20 October 2012


Almost every part of the world has some sort of meat and rice dish.  Pilafs are common throughout the middle east, jambalaya is popular among Cajuns and pulao and biryani are well-known dishes from South Asia.    

But most places that various pilafs seem to originate from are regions where rice is grown.  So why is plov so popular in Russia?  Rice doesn't grow well in the cold, northern climates.  Actually, plov comes from the southern republics that used to be part of the Soviet Union.  Apparently, the first documentation of how plov should be properly made is found among the medical texts written by the 'Father of Modern Medicine', Abu Ali Ibn Sina.  Ibn Sina was a tenth century Persian scholar who was born in what is now Uzbekistan.  So it's understandable why Russians consider plov to be an Uzbek dish!  To this day, Uzbekistan is famed for its various types of plov, which is quite possibly the most famous part of their cuisine.  Each region of Uzbekistan has its own variation of plov, and each family has its own unique recipe.

Traditionally, plov is a dish that is prepared by the men in the family.  Yes, the women do know how to do it, and may be quite good at it.  But normally, the plov cooking is reserved for the men.  Sounds good to me!  Also, the pot that plov is made in is of vital importance.  The best pot for it is a heavy cast iron dutch oven - the bigger the better!  Ours is a 7 quart pot, and it seems to do quite well.  For this recipe, I would not recommend using a pot that is any smaller than that, as ours is filled to the brim.

In following that tradition, the plov in our house is made by my husband and brother.  And they do a wonderful job!  Soslan has taken a pretty basic plov recipe and added a few things to make it his own, including adding chick peas and jalapenos.

815 g or 1 3/4 lbs medium grain rice
10 large carrots, julienned
3 large onions, halved and sliced
1500 g or 3 1/2 lbs well-marbled chuck roast or lamb shoulder (lamb is traditional, but sometimes hard to find or cost-prohibitive)
1 15-oz can chick peas
Olive oil
1.7 L hot water, plus extra to cover the rice
1/4 C barberries
2 pkg plov spices
1 Tbsp coriander seeds
3-4 whole dried cayenne peppers (or 2 tbsp crushed red pepper)
Salt and black pepper to taste
4 wholegarlic heads (outer papery layers removed)
4 whole jalapenos

So the first step is to get all the carrots and onions cut up.  This is the most tedious job, and it's nice to get it done.  If you notice on the picture, nothing is cut very thin.  This is because of the long cooking time.  Cut the carrot and onion strips long and just thick enough that they will still be visible in the finished dish.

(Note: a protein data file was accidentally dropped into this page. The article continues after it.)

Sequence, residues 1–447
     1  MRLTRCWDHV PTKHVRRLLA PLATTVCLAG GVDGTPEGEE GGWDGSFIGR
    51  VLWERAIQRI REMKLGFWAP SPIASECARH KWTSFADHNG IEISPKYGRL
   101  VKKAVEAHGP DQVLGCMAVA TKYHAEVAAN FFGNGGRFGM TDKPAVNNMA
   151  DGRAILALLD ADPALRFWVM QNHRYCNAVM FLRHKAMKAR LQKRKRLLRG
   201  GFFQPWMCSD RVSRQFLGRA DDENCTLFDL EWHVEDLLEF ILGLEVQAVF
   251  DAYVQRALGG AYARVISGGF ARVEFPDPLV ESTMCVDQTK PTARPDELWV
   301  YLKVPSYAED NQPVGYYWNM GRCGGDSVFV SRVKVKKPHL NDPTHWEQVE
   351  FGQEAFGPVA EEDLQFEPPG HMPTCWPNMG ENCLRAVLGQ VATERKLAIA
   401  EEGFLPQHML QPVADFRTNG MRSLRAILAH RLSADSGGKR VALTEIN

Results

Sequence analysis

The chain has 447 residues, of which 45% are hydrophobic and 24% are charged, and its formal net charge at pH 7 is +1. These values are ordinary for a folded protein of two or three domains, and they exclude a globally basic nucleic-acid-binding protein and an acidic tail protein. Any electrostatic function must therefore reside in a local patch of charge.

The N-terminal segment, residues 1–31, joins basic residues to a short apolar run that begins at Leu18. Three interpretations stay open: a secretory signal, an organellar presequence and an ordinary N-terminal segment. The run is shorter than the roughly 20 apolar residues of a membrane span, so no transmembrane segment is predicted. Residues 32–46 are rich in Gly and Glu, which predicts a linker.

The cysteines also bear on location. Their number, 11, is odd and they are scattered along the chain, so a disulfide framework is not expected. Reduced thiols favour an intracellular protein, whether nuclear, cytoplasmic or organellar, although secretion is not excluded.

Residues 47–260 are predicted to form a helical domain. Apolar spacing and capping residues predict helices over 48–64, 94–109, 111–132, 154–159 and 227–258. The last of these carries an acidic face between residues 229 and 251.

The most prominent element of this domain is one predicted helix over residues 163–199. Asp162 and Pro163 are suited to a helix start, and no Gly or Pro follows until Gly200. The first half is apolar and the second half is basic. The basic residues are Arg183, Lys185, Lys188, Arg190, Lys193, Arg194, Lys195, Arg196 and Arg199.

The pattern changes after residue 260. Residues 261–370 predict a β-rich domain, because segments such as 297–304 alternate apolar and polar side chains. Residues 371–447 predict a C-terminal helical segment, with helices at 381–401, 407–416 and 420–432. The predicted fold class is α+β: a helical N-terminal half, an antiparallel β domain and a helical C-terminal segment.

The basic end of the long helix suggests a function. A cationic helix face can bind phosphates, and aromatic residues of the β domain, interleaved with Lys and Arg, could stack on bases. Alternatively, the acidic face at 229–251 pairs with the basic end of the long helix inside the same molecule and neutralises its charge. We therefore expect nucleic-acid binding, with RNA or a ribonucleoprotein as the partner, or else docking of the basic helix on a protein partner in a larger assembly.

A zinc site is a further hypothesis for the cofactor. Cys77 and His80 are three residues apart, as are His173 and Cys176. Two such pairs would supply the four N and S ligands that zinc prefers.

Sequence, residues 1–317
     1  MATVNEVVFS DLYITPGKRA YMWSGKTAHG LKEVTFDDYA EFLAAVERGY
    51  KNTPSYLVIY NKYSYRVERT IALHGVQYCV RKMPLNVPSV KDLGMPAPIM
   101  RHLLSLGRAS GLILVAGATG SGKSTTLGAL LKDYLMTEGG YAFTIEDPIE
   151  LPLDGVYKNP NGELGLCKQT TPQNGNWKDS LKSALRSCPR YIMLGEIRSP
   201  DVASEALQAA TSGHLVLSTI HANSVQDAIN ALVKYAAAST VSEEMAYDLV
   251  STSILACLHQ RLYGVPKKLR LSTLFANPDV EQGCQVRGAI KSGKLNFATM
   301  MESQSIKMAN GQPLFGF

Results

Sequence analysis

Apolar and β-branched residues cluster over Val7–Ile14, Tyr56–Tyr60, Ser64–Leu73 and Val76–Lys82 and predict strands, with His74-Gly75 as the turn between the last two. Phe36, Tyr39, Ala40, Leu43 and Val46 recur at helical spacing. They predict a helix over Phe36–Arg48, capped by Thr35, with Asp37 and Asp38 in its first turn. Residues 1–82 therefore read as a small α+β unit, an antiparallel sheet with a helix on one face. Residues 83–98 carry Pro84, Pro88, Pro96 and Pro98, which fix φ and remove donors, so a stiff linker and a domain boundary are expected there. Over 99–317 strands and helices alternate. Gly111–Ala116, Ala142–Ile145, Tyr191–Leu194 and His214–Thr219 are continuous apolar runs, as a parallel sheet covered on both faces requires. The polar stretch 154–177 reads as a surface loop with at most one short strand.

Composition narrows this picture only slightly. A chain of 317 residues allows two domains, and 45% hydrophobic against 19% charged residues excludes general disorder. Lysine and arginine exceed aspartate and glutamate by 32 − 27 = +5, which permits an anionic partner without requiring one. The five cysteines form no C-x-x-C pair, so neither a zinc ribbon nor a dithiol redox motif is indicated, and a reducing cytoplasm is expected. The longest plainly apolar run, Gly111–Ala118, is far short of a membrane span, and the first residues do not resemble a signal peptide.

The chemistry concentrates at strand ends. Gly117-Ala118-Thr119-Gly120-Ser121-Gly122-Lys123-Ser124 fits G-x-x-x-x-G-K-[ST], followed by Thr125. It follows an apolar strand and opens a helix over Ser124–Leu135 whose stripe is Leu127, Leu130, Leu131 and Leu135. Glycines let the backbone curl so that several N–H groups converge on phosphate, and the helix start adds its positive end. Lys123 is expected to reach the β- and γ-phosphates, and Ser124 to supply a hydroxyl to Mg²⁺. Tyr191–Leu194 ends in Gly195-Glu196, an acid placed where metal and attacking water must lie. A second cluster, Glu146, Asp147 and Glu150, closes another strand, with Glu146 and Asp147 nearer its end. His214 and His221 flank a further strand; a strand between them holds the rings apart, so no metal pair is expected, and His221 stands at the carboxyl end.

Next, remove any excess fat from around the meat.  Cut into large (approximately 2-3 inch) chunks and set aside.
Ok, now that the prep is out of the way, heat about 1/4 cup of oil over medium high heat in the dutch oven.  When the oil begins to shimmer, add all the onions.  Cook, stirring occasionally, until they brown and begin to caramelize at the edges.  None of the normal translucent stuff here!  We want them really brown.  Add more oil if necessary to keep them from burning before they get to this step.

Remove the onions from the hot oil using a slotted spoon.  We will use the now onion-flavored oil to brown the meat in the next step.

Now add the meat to the hot oil.  Be careful, as it probably will splatter some.  Stir occasionally, until the meat is browned on all sides.

When the meat has browned nicely, reduce the heat to medium low and spread the carrots over the meat.  

Cover the pot and let the carrots steam for about 10 minutes.  While that is cooking, bring your water to boil.

This steaming step helps to prevent the carrots breaking.  If you were to stir in crisp, raw carrots with the heavier meat, the chances of the julienned strips snapping in half is much higher.

When the carrots are slightly softened, stir them into the meat and add salt (more or less to taste), barberries, coriander seeds, spices, dried chilies, jalapenos, browned onions and garlic heads.  Long list, but it all has to go in now!  Add water to cover, stir gently and put the lid on.  Simmer covered for 15-20 minutes.

Using a slotted spoon, remove the garlic and jalapenos to a shallow bowl or plate.  Add the chick peas now (despite what you see on the pictures - we forgot to put them in at this stage and layered them over the rice, but it really works better to stir them into the meat mixture before the rice is added).